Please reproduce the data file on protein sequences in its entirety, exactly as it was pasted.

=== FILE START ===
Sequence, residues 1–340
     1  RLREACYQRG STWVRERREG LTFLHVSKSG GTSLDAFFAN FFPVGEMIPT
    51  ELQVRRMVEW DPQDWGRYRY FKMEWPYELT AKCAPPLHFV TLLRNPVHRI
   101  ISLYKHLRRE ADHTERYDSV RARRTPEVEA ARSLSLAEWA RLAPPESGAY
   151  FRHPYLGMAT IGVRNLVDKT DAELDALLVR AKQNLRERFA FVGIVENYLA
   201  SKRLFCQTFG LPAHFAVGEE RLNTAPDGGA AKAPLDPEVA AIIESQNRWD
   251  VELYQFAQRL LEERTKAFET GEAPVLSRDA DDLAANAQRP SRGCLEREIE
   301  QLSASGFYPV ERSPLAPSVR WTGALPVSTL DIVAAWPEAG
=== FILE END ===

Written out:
Sequence, residues 1–340
     1  RLREACYQRG STWVRERREG LTFLHVSKSG GTSLDAFFAN FFPVGEMIPT
    51  ELQVRRMVEW DPQDWGRYRY FKMEWPYELT AKCAPPLHFV TLLRNPVHRI
   101  ISLYKHLRRE ADHTERYDSV RARRTPEVEA ARSLSLAEWA RLAPPESGAY
   151  FRHPYLGMAT IGVRNLVDKT DAELDALLVR AKQNLRERFA FVGIVENYLA
   201  SKRLFCQTFG LPAHFAVGEE RLNTAPDGGA AKAPLDPEVA AIIESQNRWD
   251  VELYQFAQRL LEERTKAFET GEAPVLSRDA DDLAANAQRP SRGCLEREIE
   301  QLSASGFYPV ERSPLAPSVR WTGALPVSTL DIVAAWPEAG